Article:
being rear ended in a low impact automobile accident. Smothers returned to WWE in 2000 and
worked for over a year as a wrestler/trainer in Memphis. In one instance, Smothers states that a
wrestler named Joey Abs (Jason Arhndt) was instructed by WWE agents to hit him over the head
with a steel chair as the finish to a match. The blow “nailed me” and “I was knocked out” he
reportedly was throwing up for days and experienced dizziness for up to 6 weeks after the incident
until he was fired in the aftermath of his symptoms. Smothers described the WWE training staff
as abusive, ignorant of any medical protocols, in wrestling “you became your own doctor.” During
his WWE experience he suffered countless repeated head trauma and sustained neurological
injuries and cognitive difficulties, including, but not limited to, headaches, dizziness/loss of
balance, and acute short term loss of memory. Smothers has no health insurance, receives no
royalties but does receive annual letters from the WWE offering drug and alcohol rehabilitation.

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102.

Plaintiff Michael Robert Halac, a.k.a. Mantaur (“Halac”) at 6” 1’ 400 pounds is 47

years old and resides in Omaha, Nebraska. He wrestled for WWE from 1995 to 1997. His assigned
gimmick was to be a half man, half bull and to act like an animal. It was not a popular character
with one writer observing the idea was “consigned to the annals of history as another failed careerkilling experiment born from the mind of Vince McMahon.”22 Halac explains he did as he was
told, “shut your mouth and keep your ears open that's how it was.” Halac alleges he had many
events consistent with a concussion in WWF. He sustained serious injuries in WWE such as
landing on his head on metal stairs when his whole body went numb with little to no intervention
or treatment by WWE staff, in that incident Halac injured his neck, spine and back. Today discs
two through six are fused. Noting that if he wanted to be paid, he had to fight through the pain
and wrestle despite his severe injuries. Halac suffered repeated and chronic head trauma resulting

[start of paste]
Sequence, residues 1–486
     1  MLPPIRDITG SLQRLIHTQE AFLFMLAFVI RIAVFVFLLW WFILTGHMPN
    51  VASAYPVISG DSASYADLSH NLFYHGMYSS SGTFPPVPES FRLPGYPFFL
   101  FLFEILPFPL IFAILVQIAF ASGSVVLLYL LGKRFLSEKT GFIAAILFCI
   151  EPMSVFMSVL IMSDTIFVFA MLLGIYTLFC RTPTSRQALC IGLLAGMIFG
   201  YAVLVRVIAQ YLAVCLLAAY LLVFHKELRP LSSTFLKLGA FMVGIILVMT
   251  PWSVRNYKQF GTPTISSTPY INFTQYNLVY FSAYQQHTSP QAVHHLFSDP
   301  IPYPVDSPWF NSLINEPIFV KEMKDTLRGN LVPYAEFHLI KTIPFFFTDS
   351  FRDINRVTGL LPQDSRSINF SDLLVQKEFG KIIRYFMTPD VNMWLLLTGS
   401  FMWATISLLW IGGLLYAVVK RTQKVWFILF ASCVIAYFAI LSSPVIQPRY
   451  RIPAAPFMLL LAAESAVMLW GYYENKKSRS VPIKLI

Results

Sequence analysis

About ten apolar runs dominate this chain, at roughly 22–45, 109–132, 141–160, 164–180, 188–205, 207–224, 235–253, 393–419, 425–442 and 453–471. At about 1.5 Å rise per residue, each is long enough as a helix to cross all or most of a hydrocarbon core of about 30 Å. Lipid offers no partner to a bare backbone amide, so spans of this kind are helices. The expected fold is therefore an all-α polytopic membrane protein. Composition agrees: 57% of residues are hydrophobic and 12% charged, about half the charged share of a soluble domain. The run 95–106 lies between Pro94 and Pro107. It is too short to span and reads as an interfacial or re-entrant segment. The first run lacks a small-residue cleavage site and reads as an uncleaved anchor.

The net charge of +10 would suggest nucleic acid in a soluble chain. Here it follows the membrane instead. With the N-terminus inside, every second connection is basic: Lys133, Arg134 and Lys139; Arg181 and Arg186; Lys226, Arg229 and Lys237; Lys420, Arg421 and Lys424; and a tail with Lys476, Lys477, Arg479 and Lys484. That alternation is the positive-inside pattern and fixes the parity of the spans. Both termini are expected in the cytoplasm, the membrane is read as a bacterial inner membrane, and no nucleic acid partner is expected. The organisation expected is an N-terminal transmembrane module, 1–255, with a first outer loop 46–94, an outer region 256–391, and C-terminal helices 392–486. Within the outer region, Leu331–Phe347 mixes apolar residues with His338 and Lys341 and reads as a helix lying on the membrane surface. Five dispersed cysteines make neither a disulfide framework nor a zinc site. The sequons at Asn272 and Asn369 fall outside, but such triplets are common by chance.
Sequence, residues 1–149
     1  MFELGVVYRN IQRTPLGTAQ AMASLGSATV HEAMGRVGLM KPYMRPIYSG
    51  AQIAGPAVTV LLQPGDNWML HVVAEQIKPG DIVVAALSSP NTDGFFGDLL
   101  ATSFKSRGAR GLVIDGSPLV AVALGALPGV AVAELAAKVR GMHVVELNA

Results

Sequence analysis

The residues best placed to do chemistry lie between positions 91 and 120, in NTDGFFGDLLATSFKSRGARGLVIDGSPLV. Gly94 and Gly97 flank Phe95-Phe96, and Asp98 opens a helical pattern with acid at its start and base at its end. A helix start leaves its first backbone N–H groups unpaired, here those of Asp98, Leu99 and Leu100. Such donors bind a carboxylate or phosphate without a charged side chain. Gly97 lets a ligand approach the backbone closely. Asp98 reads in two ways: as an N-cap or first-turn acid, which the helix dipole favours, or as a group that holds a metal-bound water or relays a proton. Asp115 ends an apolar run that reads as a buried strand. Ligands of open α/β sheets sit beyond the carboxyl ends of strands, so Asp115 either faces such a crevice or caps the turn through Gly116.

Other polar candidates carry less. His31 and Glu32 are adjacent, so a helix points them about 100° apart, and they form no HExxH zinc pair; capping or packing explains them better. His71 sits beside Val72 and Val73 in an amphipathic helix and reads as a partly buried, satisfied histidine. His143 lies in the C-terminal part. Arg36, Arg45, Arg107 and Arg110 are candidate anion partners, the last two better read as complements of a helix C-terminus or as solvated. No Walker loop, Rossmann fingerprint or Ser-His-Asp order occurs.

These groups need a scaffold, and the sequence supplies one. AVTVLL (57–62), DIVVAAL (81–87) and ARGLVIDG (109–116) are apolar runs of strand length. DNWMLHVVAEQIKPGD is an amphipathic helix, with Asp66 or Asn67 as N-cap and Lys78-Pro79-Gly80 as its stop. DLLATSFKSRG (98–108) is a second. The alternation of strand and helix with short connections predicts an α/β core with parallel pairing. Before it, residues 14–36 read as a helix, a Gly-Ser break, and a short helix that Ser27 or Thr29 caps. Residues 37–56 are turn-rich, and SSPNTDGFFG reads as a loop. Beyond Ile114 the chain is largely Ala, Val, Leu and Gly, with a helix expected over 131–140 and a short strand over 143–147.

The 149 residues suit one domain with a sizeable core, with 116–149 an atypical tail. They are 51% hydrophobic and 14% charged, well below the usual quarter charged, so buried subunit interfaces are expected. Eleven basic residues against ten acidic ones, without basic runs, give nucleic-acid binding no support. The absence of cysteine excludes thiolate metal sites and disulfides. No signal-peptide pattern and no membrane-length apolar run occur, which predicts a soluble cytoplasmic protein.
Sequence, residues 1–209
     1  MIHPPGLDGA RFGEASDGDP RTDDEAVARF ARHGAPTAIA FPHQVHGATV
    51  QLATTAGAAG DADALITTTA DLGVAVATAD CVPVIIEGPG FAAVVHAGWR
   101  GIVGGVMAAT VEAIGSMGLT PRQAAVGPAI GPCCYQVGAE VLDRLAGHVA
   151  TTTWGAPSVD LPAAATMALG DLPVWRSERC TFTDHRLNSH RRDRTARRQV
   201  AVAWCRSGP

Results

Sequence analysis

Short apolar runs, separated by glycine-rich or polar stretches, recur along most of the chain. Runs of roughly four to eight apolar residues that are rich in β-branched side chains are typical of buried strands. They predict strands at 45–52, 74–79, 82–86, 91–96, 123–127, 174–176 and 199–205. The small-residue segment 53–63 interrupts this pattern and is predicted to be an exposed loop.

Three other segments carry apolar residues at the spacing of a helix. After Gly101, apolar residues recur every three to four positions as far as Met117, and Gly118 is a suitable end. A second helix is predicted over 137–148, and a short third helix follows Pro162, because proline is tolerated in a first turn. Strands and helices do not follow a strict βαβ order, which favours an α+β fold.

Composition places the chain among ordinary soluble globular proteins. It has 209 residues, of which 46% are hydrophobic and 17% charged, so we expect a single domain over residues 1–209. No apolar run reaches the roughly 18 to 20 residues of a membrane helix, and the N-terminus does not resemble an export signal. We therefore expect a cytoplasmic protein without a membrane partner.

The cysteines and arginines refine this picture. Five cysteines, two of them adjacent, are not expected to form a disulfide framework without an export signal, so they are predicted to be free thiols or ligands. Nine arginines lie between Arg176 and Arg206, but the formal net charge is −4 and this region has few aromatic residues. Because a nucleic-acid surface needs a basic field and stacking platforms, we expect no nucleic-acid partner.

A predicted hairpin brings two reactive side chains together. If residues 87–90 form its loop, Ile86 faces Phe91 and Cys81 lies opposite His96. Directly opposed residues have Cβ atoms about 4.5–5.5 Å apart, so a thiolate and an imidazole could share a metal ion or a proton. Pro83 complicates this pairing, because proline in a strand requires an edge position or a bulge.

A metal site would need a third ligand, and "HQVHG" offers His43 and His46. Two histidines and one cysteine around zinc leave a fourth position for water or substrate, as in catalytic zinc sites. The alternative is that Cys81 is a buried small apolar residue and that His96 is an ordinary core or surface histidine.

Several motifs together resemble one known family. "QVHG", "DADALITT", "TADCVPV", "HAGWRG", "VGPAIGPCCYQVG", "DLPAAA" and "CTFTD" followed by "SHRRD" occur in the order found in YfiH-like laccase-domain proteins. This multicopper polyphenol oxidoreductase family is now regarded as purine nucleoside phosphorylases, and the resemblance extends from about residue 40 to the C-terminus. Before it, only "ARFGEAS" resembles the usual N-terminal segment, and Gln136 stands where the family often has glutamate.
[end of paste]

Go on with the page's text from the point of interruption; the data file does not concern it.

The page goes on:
in neurological injury and cognitive difficulties, including, but not limited to, headaches, dizziness,
loss of memory, and fatigue. He takes pain medication every day, has half range motion in his
neck, cannot feel his arms or fingers and is having surgery to restore sensation. Halac cannot work,
has insurance through Medicaid, and recently received his first SSDI disability check. Halac
received a WWE royalty check of $105 in November 2015.
103.

Plaintiff Rick Jones, a.k.a. Black Bart (“Jones”) is 67 and resides in Weatherford,

Texas. He wrestled for WWF in 1989 for a little over a year, including performing in WrestleMania
IV. Although Jones spent most of his career outside of WWE, he says wrestling in the WWE was
more intense, with more pressure to aggressively perform than at other promotions. Jones was
given the gimmick of being a “bad cowboy” with a black hat and long beard by Dusty Rhodes and
was given the name “Black Bart” by WWE as Vince McMahon wanted to “own your name.” Jones

22

Dixon, James, “Titan Sinking: The Decline of the WWF in 1995”, 57 (Dixon/History of Wrestling Pub., 2014).

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explains that “you kept your mouth shut, put guys over and don’t complain about injuries or
anything else” or you would be fired. Jones explained: “If you were sick or hurt, you vanished
form the booking sheet, if you were not on the sheet you didn't get paid.” In a WWE appearance